Cricket Warfare 101: Subtlety

(Disclaimer: Sometimes I write really deep articles that I have put a lot of thought into, things that I have spent much time thinking on and pondering, and that my readers find thought provoking and intriguing. This is not one of those posts.)

I know some of you think I’m silly and crazy for hating crickets the way I do. You talk about how little they are, how they’re considered good luck, how they make “pretty music,” and make “how will you boldly take on a Zombie apocalypse when you can’t kill a cricket?” jokes. But, at long last, I have proof. The following series is a transcript of cricket training sessions I overheard in my own kitchen. What you are about to read may shock and disturb you, but I assure you, it is nothing but fact. Perhaps after reading these previously classified documents, you’ll take this war a little more seriously.


Ah, good. Right on time. Have a seat, have a seat.

Do you know why I called you in there today?

No, no, you’re not in trouble.

I was just hoping to explain things a bit, try and give you a better understanding of why we do things the way we do.

Now, I like your style, I really do. Hopping right through the living room like that, biting the baby on the leg? That’s bold. I’m impressed, I really am.

The thing is, boldness only goes so far. We’ve lost entire armies because of boldness. The thing is, size matters. Technology matters. They have more of both. They stomp on us, they spray us with chemicals, they poison us. Over the years, we’ve had to adjust our strategy. Turn of the century, our kind was almost wiped out because we mounted full assaults, like the one you tried today. That kind of reckless maneuvering is how you find yourself stuck to the bottom of a sneaker. You can’t just launch yourself at someone. Sure, it’s fun once in awhile. Take our primary target, Avily, for example. She jumps up on furniture and screams like a little girl when she sees us. Boy golly, that’s some good times. I’ve jumped at her more than once just for the reaction. If she’s home alone, sure, by all means, hop around a little. But if she’s got anyone else around, hoo boy, you’re in trouble. Even the kids are getting pretty good at swinging shoes around.

Subtlety, that’s the thing. There’s a reason we moved our base of operations from the front closet. We were too exposed. She heard us talking in there, and, well, she got wise. Put traps all over so we couldn’t venture out without landing in glue. There’s no coming back from that. You’ve got to watch yourself around those. One wrong hop and the next thing you know, you’re down to five legs.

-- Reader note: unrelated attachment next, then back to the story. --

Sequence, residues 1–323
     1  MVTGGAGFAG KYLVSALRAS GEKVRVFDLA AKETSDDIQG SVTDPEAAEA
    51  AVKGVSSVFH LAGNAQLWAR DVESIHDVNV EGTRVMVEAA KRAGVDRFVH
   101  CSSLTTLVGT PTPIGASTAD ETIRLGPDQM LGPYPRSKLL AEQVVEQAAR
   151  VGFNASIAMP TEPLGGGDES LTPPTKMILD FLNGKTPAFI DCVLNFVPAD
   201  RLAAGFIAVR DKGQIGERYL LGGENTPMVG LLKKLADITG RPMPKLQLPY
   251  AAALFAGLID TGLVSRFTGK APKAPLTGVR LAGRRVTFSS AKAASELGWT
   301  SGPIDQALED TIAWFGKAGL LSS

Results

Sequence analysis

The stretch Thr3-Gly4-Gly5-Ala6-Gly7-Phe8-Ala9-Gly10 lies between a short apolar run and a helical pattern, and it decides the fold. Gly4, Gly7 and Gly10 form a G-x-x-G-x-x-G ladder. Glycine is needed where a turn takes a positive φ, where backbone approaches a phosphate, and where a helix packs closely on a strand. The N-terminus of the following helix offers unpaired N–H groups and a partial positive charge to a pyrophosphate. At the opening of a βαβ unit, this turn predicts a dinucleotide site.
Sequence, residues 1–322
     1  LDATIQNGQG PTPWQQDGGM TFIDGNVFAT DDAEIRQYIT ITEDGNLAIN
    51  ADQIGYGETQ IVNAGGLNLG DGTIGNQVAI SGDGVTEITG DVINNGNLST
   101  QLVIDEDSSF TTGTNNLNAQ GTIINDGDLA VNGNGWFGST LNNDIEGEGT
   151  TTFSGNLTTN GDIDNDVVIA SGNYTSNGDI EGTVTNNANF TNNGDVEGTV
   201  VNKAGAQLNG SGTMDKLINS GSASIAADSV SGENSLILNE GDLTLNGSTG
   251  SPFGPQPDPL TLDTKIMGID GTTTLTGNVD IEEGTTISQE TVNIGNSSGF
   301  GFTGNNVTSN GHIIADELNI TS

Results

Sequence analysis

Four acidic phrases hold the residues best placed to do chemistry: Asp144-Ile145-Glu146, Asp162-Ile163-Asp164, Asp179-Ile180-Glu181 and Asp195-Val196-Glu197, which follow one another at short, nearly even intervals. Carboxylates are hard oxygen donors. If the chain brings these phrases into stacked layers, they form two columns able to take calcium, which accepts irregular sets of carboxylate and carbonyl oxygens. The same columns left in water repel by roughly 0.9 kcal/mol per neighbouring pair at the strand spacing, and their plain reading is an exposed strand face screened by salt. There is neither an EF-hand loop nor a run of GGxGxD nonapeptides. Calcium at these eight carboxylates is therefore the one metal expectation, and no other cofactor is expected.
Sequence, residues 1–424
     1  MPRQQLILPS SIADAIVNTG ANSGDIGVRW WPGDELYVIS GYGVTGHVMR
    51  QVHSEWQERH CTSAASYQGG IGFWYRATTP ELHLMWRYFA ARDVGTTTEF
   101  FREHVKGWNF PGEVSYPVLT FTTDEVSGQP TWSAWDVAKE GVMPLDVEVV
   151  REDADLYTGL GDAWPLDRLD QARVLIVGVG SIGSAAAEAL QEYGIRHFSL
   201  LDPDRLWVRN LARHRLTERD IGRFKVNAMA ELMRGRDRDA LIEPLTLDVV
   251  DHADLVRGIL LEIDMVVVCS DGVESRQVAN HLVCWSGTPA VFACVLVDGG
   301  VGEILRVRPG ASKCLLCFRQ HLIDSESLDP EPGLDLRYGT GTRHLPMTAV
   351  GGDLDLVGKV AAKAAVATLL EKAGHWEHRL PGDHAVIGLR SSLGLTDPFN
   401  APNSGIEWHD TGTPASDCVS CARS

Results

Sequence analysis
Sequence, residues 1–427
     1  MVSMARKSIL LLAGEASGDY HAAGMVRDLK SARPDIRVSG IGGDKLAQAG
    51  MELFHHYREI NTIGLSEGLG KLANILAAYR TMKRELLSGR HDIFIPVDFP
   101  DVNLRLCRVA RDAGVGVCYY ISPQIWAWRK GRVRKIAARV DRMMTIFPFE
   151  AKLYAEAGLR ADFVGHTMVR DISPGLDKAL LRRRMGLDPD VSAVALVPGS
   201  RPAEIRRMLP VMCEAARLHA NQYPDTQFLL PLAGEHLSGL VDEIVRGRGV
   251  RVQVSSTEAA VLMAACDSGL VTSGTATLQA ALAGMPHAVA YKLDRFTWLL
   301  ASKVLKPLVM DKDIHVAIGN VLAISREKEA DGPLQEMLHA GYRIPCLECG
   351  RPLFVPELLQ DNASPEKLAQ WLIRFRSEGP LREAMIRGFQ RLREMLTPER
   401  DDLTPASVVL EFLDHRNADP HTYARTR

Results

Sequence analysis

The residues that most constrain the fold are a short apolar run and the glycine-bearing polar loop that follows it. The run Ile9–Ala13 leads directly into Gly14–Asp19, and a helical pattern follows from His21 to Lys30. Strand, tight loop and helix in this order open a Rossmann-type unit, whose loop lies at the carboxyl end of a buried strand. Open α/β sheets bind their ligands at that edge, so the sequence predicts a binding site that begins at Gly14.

Where was I? Oh, yes. Our new base. The wall between the kitchen and the laundry room. She can hear us—that’s important, but it’s a lesson for another day—but she can’t get to us. She can’t get her glue traps in here. And when we go hunting, we go at night, when she’s asleep. That’s the only way we’ll win this war.

The most important thing a cricket can remember if he wants to stay alive is to be subtle.


About Avily Jerome

Avily Jerome is a writer and the editor of Havok Magazine. Her short stories have been published in various magazines, both print and digital. She has judged several writing contests and is a writing conference teacher and presenter. She writes speculative fiction, her ideas ranging from almost-real-world action/adventures to epic fantasies to supernatural thrillers.

17 comments on “Cricket Warfare 101: Subtlety

  1. Entertainment is good. Thanks for the laugh!

  2. Hate crickets. Hate hate hate. When I saw that giant cricket pic on the home page, I about lost my lunch. (Thanks for making it smaller in the article.) We used to have a place that backed onto foothills, and the crickets were everywhere. Eew. Hate ’em. Almost as much as cockroaches. Maybe more. Cockroaches are fast and ugly, but at least they don’t jump that way.

  3. I’m glad you took such detailed notes. If it’d been me that overheard that conversation, I’d have had to make most of it up.

  4. Make sure you get the quotes right. And remember, crickets go nutso if you take something out of context.

    • They invaded me again last night. My army took out five or six of their minions without any casualties of my own. It was a brutal battle.

      • They seem to have retreated to my house. My minions (fingers covered with a wad of toilet paper) killed one on the bathroom wall. I told you not to quote them out of context.

  5. You live in Phoenix, so presumably you have the same species of cricket which inhabits Tucson. When I was a student at the UofA and lived in a nearby apartment complex, one of those HORRIBLE MONSTERS crawled under the door jamb and unleashed its EQUALLY HORRIBLE MATING CALLS there. It was like the torment of the damned in the lower levels of Dante’s Inferno. I had to get a screwdriver–not a normal screwdriver even, a Philips screwdriver–unscrew the jamb and kill the thing. And if my memory (which tends to suppress unpleasant memories) serves, I had to do that twice that summer. AAAARGH! 😛

  6. […] We now resume the transcript of a conversation between crickets in Avily’s walls, a continuation of this transcript: […]

  7. […] continuing transcript retrieved by our spies in the Great Cricket War. Previously: Subtlety;  […]

  8. […] read the beginning of this transcript, please see:      Subtlety    Sabotage     […]

  9. […] has been awhile since we’ve had one of our chats. Of course you recall our conversations on Subtlety and on Sabotage, and I know you haven’t forgotten our discussions about Misdirection and […]

  10. […] who knows how I feel about crickets (Cricket Warfare 101: Subtlety, Sabotage, Misdirection, Psychological Warfare, Treaties and Allies) can well imagine how I feel […]

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